Kawaida and Pan-Africanism

A compelling proposal from Kawaida: An Introductory Outline by Maulana Karenga. Sadly, much of this remains in the realm of the conceptual rather than the actual.

D. Build Pan-Africanism – As Pan-Africanists, we must build Pan-Africanism as a global project, not just a continental one. Any serious and successful Pan-Africanism must be rooted in and reflective of the following basic principles and practice:

1. unity and struggle of Africans wherever they are;

2. acceptance of the principle that the greatest contribution to the liberation of African peoples is the liberation struggle each people wages to liberate itself, and thus;

3. acquire the effective capacity to aid others still struggling. In a word, the overall struggle for African liberation is one, but a people must begin the struggle wherever they are.

4. development of mutually beneficial cooperative efforts between Continental and Diasporan African.

Kawaida proposals at FESTAC: a. permanent Afro-American observer status at OAU; b. All African People’s Convention-international as distinct from continental (OAU) – Continental and Diasporan; c. Pan-African University-Continental and Diasporan; d. Diasporan Studies in all African universities as African Studies in West; e. Continental and Diasporan common language – Swahili; f. developmental capital – for all Africans; g. African people’s lobby-for all Africans; h. African people’s skills bank-for all Africans; i. support in the UN-and other international bodies by African countries for Afro-Americans and other Diasporan Africans and other concrete support (political pressure, capital, information, asylum, etc. where possible).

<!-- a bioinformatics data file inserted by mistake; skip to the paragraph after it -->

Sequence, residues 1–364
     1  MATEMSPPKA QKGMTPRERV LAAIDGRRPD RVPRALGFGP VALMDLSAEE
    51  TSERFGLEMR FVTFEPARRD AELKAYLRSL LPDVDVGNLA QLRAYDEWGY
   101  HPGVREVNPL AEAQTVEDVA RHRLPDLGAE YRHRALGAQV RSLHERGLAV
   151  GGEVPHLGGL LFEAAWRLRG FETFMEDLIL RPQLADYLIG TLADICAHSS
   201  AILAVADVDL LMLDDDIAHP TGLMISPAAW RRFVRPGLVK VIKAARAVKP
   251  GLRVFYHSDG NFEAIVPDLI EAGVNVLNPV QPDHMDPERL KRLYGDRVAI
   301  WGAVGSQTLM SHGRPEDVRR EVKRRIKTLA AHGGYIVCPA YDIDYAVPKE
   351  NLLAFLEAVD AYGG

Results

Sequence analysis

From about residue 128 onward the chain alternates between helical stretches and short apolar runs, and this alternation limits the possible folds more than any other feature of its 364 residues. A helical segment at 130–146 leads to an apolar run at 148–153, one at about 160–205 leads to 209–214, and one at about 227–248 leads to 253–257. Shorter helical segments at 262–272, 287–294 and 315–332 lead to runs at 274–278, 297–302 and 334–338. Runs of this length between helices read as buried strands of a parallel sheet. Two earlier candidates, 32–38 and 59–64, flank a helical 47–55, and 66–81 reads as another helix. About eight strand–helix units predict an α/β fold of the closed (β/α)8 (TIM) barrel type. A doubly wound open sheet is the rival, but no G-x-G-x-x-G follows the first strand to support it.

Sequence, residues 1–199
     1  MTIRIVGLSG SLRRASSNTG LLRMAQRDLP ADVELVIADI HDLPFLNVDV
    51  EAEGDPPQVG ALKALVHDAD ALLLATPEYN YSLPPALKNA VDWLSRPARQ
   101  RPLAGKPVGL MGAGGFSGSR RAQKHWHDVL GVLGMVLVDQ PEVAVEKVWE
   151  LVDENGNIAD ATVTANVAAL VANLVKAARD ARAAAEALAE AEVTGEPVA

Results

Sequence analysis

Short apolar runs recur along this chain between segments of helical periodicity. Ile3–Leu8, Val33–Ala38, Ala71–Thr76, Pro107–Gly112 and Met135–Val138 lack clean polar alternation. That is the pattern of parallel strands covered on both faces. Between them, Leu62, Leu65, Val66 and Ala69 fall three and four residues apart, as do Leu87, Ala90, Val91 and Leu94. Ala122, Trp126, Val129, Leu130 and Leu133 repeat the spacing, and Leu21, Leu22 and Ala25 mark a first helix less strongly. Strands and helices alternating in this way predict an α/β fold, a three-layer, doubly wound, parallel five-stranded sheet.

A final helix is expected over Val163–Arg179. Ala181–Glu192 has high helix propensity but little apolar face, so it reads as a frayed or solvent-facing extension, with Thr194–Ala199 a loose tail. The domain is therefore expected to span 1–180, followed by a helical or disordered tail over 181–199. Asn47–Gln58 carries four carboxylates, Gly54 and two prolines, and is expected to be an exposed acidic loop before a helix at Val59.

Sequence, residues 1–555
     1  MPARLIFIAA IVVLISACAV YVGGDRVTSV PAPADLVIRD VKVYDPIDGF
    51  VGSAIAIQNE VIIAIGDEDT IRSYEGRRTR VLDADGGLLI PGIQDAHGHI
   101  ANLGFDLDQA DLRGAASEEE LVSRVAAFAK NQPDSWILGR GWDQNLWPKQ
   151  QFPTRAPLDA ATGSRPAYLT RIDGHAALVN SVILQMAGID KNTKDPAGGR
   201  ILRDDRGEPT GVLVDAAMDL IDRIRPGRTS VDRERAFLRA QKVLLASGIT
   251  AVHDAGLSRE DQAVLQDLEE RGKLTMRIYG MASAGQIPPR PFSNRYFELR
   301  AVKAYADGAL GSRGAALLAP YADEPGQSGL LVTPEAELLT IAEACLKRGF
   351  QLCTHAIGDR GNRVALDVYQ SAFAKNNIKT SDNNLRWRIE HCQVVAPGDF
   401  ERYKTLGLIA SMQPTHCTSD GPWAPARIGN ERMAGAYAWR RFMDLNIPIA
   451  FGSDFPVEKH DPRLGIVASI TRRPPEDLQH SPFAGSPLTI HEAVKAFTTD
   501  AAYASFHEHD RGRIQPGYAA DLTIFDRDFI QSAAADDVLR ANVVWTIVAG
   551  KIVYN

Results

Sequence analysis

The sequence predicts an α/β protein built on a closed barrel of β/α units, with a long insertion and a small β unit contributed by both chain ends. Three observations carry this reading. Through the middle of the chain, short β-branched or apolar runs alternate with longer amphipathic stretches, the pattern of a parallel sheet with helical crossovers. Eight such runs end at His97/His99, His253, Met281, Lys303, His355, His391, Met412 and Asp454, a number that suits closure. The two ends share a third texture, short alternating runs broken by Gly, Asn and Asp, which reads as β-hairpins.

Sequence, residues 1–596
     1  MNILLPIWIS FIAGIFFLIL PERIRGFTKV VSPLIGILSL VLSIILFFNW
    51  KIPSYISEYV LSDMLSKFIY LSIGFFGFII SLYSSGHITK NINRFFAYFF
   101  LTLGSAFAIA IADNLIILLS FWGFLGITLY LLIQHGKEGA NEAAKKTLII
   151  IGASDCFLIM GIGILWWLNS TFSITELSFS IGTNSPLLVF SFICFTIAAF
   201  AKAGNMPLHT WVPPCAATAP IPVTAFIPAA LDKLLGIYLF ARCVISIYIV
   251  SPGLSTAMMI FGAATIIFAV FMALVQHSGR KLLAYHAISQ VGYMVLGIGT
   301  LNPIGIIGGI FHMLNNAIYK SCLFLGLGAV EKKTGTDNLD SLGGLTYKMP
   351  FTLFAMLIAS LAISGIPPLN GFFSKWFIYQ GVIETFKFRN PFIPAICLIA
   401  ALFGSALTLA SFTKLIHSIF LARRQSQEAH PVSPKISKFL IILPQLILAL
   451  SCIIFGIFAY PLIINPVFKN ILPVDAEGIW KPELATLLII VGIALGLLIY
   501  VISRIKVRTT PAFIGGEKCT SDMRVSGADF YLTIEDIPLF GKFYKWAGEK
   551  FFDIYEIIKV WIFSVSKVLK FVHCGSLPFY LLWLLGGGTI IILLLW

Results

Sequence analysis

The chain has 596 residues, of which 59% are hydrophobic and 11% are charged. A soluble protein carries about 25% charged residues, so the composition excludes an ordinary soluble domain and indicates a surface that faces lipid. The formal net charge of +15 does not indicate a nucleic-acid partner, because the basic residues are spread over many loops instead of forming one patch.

5. recognition and response to the fact that in the final analysis, each people is its own liberator. A people that cannot save itself is lost forever.

Dr. Josef Ben Levi on language and epistemology

Yesterday during the ASCAC Midwest Region Medew Netcher class, Dr. Josef Ben Levi offered an interesting discussion of this statement Dr nbw, which can be transliterated as “Dr nbw” or written phonetically as “Djer nebew”. Dr is a complex term which refers limits as well as to the expansive bounds of the universe–quite simply, the all. nbw is a plural of the word nb, which the Egyptologists typically translate as “lord”. This begs the question of whether such an idea is indigenous to ancient Kemet, and whether such an idea is resonate with the use of nb in the written texts. Baba Bonotchi Montgomery, in his insightful book “All the Transformations of Ra” refers to nb as “possessor”.

In his class yesterday, Dr. Ben Levi stated that this term (Dr nbw) could be translated as “‘lord’ of all”, but more accurately it refers to “The force that conveys everything seen and unseen in the universe and beyond”. Again a very interesting idea that is quite resonate with Baba Bonotchi’s points from his talk “There are no gods in Kemet”, in addition to Prof. Rkhty Amen’s discourse on the nature of netcher (nTr). What I most appreciated about this, though little time was spent on it, is that it seeks to push us beyond the false notion of equivalency when dealing with cultural notions, and the need to deal with language as a medium for understanding them.